A total solar eclipse will be visible this August 21st across parts of the lower 48! This hasn’t happened since 1979, so it’s a pretty rare event. The good news is that the total eclipse will take place in Georgia! The bad news is that you will need to be in a tiny slice of the northeast corner of the state to see it in it’s entirety. If not don’t worry, you will still get an almost total eclipse even from metro Atlanta. Here is a map showing the path of totality.
Not only will the view be limited spatially, but it will be limited in time as well. Provided there are good weather conditions to view the eclipse it will only last around 2 minutes sometime between 2:35 pm and 2:40 pm depending on where in northeast Georgia you are located. If your are elsewhere in Georgia during that time you will only see a partial eclipse. If you miss this one the next Total Solar Eclipse visible in the lower 48 won’t come until April 8th, 2024 and it won’t be visible here in Georgia. For that one you will have to travel west to Arkansas for the closest view.
For those planning to take a look skyward remember do not look into the sun without proper eye protection. There are alternate ways to view the eclipse as well, and by following this link from NASA Eclipse 2017 you can find all the information you need to view the eclipse safely.
It looks like the rainy pattern that we have been in, is not going away anytime soon thanks to a near persistent trough of low pressure covering the eastern half of the nation. Although it will shift, and loose it’s grip on us from time to time, the overall result will lead to above normal rainfall and below normal temperatures. The following chart shows the 500 mb circulation around the northern hemisphere. The big L parked over the Great Lakes is the trough that is currently helping to bring us the unsettled weather of late.
The forecast from the Climate Prediction Center points to this trend continuing as well. Both the 6-10 day, and 8-14 day forecasts call for below normal temperatures and above normal rainfall.
The winner in all of this is the drought situation across north and central Georgia. Since the beginning of the year the percentage of the state that was under extreme drought has been reduced from 49.64% to 6.37% with absolutely zero extreme or exceptional drought showing up in north Georgia. February and March were not kind to us as far as rain is concerned. A combined 4.55″ in that stretch was woefully below normal. Since then we have made up ground with 5.75″ in April and 4.35″ so far this May!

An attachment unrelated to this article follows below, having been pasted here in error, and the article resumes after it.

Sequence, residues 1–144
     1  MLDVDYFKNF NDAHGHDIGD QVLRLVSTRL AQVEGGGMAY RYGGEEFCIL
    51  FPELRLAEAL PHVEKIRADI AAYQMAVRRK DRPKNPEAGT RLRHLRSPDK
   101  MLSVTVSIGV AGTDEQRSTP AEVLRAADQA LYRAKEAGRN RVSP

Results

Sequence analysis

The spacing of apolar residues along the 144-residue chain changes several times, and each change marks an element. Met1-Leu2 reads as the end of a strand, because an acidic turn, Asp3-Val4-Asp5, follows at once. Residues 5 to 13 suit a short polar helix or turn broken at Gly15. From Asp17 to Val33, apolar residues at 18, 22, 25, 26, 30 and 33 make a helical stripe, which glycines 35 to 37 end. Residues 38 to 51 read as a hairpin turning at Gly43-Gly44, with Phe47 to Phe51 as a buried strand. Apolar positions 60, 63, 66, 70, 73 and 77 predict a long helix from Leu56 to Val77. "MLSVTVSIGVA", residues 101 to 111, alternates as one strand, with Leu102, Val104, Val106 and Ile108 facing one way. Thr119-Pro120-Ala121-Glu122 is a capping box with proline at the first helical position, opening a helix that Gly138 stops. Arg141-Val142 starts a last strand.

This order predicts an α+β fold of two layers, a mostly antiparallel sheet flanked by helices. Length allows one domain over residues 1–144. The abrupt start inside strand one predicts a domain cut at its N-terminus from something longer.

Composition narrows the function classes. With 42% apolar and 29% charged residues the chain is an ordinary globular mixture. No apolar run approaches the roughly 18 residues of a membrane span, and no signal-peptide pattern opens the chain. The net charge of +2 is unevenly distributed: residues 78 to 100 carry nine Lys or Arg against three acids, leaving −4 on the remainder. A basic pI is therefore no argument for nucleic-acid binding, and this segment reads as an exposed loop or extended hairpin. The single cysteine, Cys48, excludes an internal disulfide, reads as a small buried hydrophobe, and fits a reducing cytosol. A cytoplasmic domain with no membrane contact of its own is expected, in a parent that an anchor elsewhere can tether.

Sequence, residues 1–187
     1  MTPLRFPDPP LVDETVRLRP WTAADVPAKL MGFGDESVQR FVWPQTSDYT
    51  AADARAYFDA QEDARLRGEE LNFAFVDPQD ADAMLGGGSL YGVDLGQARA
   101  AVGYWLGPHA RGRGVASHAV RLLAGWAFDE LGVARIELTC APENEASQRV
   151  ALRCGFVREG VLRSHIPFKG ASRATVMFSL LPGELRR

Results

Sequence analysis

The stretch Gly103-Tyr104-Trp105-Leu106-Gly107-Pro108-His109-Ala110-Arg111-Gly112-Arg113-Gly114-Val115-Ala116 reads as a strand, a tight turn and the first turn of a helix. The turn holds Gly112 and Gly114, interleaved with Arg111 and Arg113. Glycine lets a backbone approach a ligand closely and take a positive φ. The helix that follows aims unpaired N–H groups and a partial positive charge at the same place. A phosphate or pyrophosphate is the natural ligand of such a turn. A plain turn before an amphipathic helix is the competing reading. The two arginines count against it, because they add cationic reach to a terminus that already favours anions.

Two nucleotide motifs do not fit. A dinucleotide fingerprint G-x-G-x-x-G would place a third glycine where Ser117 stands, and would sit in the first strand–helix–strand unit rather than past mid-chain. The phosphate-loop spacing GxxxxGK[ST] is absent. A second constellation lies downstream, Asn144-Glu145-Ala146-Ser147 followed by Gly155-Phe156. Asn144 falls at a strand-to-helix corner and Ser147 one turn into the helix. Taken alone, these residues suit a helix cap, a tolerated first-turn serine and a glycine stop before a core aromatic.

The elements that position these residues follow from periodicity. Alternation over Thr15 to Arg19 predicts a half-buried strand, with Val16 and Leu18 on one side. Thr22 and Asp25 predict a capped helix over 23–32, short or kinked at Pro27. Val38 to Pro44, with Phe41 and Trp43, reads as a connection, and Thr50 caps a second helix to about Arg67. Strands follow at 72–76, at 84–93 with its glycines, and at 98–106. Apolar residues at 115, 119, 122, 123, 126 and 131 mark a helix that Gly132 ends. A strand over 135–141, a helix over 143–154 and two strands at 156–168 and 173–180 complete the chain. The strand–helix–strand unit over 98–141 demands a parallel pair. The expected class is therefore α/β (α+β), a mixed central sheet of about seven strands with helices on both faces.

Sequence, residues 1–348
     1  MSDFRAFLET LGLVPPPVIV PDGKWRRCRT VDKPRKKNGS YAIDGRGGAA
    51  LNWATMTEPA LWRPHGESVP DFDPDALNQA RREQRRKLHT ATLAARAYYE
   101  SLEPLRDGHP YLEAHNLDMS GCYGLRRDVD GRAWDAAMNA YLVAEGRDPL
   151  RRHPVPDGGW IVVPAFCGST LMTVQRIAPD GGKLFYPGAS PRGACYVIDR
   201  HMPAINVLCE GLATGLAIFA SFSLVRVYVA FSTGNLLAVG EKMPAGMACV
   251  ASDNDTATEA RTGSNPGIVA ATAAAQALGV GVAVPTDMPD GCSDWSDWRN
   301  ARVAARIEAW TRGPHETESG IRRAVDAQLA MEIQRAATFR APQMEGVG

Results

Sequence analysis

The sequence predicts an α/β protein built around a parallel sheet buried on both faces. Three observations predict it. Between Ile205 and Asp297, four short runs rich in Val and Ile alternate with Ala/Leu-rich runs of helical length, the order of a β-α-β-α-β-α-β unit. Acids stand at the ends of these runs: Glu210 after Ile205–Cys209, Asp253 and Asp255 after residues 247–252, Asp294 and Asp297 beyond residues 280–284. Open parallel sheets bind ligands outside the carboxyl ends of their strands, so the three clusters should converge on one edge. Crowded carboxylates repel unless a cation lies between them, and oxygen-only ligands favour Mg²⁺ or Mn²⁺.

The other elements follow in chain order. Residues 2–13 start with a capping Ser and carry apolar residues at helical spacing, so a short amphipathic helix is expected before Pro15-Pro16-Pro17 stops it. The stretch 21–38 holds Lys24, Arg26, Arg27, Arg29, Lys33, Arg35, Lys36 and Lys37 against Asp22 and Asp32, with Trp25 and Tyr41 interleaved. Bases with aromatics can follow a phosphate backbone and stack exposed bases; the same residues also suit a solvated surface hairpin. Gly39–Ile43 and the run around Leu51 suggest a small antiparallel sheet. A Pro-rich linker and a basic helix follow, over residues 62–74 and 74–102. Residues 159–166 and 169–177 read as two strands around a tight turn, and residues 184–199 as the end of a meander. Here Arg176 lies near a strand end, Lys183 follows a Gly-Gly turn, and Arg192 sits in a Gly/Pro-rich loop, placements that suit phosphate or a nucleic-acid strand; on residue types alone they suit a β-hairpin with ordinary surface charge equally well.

So even though it seems like we can’t get a break from the never ending showers and t-showers, it will be nice to be ahead of the game before the dog days of summer arrive.
Another strong storm system will be heading toward the Southeast on Thursday after delivering a blow to Texas and the Gulf Coast on Wednesday. Portions of east Texas and Louisiana could get hit the hardest. The Storm Prediction Center has parts of that area under an enhanced risk for severe t-storms including tornadoes.
By the time the system gets to here in the Southeast the risk for severe weather will have greatly diminished. That being said we could still see a few strong to severe storms here in north Georgia, but the threat is greater across middle and south Georgia.
The upper level forcing combined with the instability in the lower levels of the atmosphere support the possibility of damaging weather Wednesday in Texas and Louisiana.
Things are not the same as the storm system makes its way into the Southeast. The forcing aloft is still there, but the instability in the lower levels is greatly reduced.
Therefore don’t look for a large outbreak of severe weather here in north Georgia, but do be prepared for a few strong to severe storms that could be capable of damaging winds, large hail and a brief spin up tornado. While you’re at it download the FOX 5 Storm Team App for your smartphone. It’s FREE!!! Just follow the link below:
DOWNLOAD the FREE FOX 5 Storm Team app to keep up with this extreme weather
The recent rain from this past weekend will undoubtedly help with the drought conditions across north Georgia. Most locations saw between one and two inches of rain with two to three inches in isolated spots.
Leading into this past weekend forty six percent of the state was classified as being in a moderate drought, with thirty eight percent being abnormally dry. Nine percent had severe drought with another three and a half percent in the extreme category. None of the state was classified in the exceptional category, while almost three percent had no drought at all.